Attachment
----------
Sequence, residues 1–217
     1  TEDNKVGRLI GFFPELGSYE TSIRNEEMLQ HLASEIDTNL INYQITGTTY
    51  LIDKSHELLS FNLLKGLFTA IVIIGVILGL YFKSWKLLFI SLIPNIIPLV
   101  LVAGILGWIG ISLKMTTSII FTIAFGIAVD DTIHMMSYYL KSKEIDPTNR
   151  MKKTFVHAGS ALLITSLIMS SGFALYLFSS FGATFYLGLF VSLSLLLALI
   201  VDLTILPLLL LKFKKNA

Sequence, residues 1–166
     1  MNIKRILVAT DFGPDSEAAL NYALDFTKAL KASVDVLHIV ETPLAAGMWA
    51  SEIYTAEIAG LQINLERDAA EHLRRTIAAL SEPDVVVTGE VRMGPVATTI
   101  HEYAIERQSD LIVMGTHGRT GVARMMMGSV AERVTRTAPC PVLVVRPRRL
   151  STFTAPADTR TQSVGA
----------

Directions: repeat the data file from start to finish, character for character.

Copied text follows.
Sequence, residues 1–217
     1  TEDNKVGRLI GFFPELGSYE TSIRNEEMLQ HLASEIDTNL INYQITGTTY
    51  LIDKSHELLS FNLLKGLFTA IVIIGVILGL YFKSWKLLFI SLIPNIIPLV
   101  LVAGILGWIG ISLKMTTSII FTIAFGIAVD DTIHMMSYYL KSKEIDPTNR
   151  MKKTFVHAGS ALLITSLIMS SGFALYLFSS FGATFYLGLF VSLSLLLALI
   201  VDLTILPLLL LKFKKNA

Sequence, residues 1–166
     1  MNIKRILVAT DFGPDSEAAL NYALDFTKAL KASVDVLHIV ETPLAAGMWA
    51  SEIYTAEIAG LQINLERDAA EHLRRTIAAL SEPDVVVTGE VRMGPVATTI
   101  HEYAIERQSD LIVMGTHGRT GVARMMMGSV AERVTRTAPC PVLVVRPRRL
   151  STFTAPADTR TQSVGA